My criticism – and your defence – are both valid, in my opinion.

    However, the transformation of healthcare communications is sealing the fate of the sponsored supplement: the opaque, inauthentic nature of its one-way broadcast messaging does nothing to advance the cause of its former sponsors.

    Simply put: there is nothing the sponsored supplement does that cannot be better affected through more contemporary, progressive media which allow its audience to air and share their opinions.

    The curtain is falling on the sponsored supplement show, and nobody will be calling for an encore.

    If sponsored supplements were stock, we’d say they had already moved from ‘hold’ to ‘sell’.

    As the ‘your audience is changing – are you?’ message continues to resonate and amplify within the pharmaceutical industry, I fail to see who is going to be doing the sponsoring two or three business cycles from now.

    Of course, scholarly publishers should (but won’t) see this as an opportunity rather than a threat. How can they redeploy the journal brands that are written, managed and read by the constituencies that the pharmaceutical industry wishes to reach in novel, appealing settings?

    There are plenty of options I could iterate, but fewer listeners than one would hope.

    As my friend Paulo Machado (@pjmachado) said yesterday in a context outside of publishing, real change will only come when real pressure is put upon margins. I don’t think you need second sight to see that the sponsored supplement will cease to exist in the relatively near future as sponsors will no longer be interested in sponsoring due to the antisocial characteristics of the sponsored supplement as a vehicle.

    The hope is that scholarly publishers will manage to tear their gaze away from the falling needles on the revenue dials for long enough to perceive and acknowledge what needs to be done.

  3. Full disclosure for other readers: Andrew and I are former colleagues.

    Andrew, please indulge me whilst I offer another reason for the space owned by sponsored supplements.

    With the ever increasing costs of producing materials via advertising companies many companies are looking to break the boredom for representatives by producing alternative discussion pieces.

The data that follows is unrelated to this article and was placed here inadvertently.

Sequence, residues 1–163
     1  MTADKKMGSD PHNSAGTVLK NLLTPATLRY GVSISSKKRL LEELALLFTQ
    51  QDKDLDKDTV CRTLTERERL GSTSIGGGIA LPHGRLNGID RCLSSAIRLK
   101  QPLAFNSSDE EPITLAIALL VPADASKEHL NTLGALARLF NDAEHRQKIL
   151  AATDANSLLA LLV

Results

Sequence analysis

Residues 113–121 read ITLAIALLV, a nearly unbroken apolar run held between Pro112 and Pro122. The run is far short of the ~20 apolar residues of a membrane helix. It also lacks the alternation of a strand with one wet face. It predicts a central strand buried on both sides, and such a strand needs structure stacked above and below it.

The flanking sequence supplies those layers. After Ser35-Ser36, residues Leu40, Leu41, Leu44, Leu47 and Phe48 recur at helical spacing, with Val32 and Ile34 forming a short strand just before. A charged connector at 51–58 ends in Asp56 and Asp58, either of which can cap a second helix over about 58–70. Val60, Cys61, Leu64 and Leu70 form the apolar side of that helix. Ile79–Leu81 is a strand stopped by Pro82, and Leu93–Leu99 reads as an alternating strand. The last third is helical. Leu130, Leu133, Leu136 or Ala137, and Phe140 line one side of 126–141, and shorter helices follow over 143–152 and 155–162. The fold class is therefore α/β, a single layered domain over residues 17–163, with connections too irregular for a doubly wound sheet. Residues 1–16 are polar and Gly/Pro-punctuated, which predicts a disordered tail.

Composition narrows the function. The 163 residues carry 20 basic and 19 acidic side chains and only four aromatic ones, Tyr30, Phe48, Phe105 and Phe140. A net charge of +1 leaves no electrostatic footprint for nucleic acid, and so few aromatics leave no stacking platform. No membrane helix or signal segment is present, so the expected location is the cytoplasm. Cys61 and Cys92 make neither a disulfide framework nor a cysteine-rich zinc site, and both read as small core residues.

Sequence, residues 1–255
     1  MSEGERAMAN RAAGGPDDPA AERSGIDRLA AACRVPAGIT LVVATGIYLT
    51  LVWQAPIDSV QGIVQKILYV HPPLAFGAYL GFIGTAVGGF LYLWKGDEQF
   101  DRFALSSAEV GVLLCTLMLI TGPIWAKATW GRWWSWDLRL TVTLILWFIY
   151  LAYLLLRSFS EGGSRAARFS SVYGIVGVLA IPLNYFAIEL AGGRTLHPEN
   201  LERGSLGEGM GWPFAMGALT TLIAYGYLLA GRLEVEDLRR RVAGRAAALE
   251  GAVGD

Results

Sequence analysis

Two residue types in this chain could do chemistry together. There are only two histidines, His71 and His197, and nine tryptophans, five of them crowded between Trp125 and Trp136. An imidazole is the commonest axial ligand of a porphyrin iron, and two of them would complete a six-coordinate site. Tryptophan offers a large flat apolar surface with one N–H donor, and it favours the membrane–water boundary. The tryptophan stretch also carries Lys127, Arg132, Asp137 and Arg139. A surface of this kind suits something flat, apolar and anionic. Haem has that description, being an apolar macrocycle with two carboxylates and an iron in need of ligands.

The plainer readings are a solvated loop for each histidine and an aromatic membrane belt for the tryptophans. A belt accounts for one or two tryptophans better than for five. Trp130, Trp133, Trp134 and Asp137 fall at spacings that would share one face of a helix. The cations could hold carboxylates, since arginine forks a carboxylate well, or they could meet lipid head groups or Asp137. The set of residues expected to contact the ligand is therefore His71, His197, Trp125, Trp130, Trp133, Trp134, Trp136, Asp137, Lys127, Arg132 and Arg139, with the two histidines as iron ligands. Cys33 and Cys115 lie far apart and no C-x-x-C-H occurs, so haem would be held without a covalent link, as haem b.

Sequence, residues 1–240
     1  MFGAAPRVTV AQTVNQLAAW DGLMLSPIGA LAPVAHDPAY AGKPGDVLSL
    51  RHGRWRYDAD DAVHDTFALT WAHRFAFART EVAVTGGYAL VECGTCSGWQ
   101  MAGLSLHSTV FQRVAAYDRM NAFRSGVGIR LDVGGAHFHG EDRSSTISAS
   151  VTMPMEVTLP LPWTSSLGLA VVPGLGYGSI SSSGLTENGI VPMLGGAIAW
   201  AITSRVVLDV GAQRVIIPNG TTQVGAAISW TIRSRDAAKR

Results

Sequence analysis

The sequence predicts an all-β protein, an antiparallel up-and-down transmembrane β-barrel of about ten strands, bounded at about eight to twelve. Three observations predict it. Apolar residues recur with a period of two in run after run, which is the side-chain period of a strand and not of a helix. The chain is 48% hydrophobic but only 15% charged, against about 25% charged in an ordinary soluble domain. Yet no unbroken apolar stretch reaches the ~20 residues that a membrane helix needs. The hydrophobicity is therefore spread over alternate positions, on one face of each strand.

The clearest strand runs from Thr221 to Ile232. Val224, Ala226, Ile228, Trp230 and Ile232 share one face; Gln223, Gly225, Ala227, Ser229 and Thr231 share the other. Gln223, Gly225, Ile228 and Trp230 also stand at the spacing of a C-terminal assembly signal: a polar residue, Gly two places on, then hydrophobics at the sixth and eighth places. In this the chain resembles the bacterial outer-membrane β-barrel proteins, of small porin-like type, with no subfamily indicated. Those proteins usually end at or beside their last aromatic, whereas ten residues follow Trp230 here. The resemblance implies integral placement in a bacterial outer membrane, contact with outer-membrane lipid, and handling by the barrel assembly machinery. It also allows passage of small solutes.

When you consider the actual cost of producing a low print run supplement to the cost of a company detail aid, the supplement compares very well.

    Added to that, the tenuous advocacy of a journal brand simply gives it a different feel and helps less experienced representatives feel empowered.

    The inclusion of the supplement in the journal envelope is incidental to the marketing, that is a just a metric for the product managers monthly report. If one person does read it, then it’s a bonus.

    So in spite of all the things that are wrong with sponsored supplements, they still are an inexpensive way to give the representatives in the field something new to talk about. I suspect they will be here to stay for a little while longer.

    Economics over ethics.

  4. Hi Graham

    Good to hear from you, and thanks for sharing your thoughts.

    ‘Break the boredom’? You make a sponsored supplement sound like something fresh and vibrant rather than the tired and hackneyed marketing vehicle that it is.

    Why continue to sponsor a product which is an exemplar of the faceless, inauthentic nature of traditional pharma marketing practice? Pharma is trying to get away from this image, not reinforce it.

    I actively counsel pharma friends and clients not to use sponsored supplements not because I have an animus against them per se, but because they reek of everything that’s wrong with traditional pharma marketing. Their unilinear, broadcast communications scream ‘I have no interest in the forging of a relationship with you, or the creation of dialogue. I consider you more a target than a person, and as such I will treat you like a mark, not a human being’.

    And sales reps (if you can still find any) wonder why they get doors slammed in their faces?

    Finally, with regards to ‘economics over ethics’ – I’d rather define this as ‘indolence over involvement’. If a brand manager commissions (or worse still, renews) a sponsored subscription in my opinion they’re sending out a message about themselves along the lines of ‘I can’t be bothered to find a contemporary, progressive way to reach out to the communities I wish to engage with, so I’ll use a sponsored supplement instead’.

    Considering commissioning a sponsored supplement because you think it’s a completable objective you can add to your performance review rather than because you believe it is something that will add value to a community you wish to work with is not only a reason to move forward with it, it’s tantamount to an insult to the very healthcare professionals you wish to think well of you.

    A sponsored supplement is no longer a ‘door opener’ for pharma.

    It’s a door closer.